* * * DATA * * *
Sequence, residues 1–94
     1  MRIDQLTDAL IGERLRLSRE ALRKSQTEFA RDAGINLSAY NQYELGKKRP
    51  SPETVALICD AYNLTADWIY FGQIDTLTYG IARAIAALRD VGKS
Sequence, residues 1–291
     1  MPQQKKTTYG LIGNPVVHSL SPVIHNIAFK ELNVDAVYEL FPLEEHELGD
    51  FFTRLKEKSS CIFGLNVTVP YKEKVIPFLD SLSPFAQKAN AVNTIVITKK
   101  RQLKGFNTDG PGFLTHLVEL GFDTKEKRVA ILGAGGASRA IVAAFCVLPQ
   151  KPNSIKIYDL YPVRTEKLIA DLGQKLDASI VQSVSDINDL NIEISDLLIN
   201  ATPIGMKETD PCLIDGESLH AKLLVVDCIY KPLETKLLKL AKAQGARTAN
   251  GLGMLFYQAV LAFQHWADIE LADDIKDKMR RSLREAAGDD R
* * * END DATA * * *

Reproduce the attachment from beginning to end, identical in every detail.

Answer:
Sequence, residues 1–94
     1  MRIDQLTDAL IGERLRLSRE ALRKSQTEFA RDAGINLSAY NQYELGKKRP
    51  SPETVALICD AYNLTADWIY FGQIDTLTYG IARAIAALRD VGKS
Sequence, residues 1–291
     1  MPQQKKTTYG LIGNPVVHSL SPVIHNIAFK ELNVDAVYEL FPLEEHELGD
    51  FFTRLKEKSS CIFGLNVTVP YKEKVIPFLD SLSPFAQKAN AVNTIVITKK
   101  RQLKGFNTDG PGFLTHLVEL GFDTKEKRVA ILGAGGASRA IVAAFCVLPQ
   151  KPNSIKIYDL YPVRTEKLIA DLGQKLDASI VQSVSDINDL NIEISDLLIN
   201  ATPIGMKETD PCLIDGESLH AKLLVVDCIY KPLETKLLKL AKAQGARTAN
   251  GLGMLFYQAV LAFQHWADIE LADDIKDKMR RSLREAAGDD R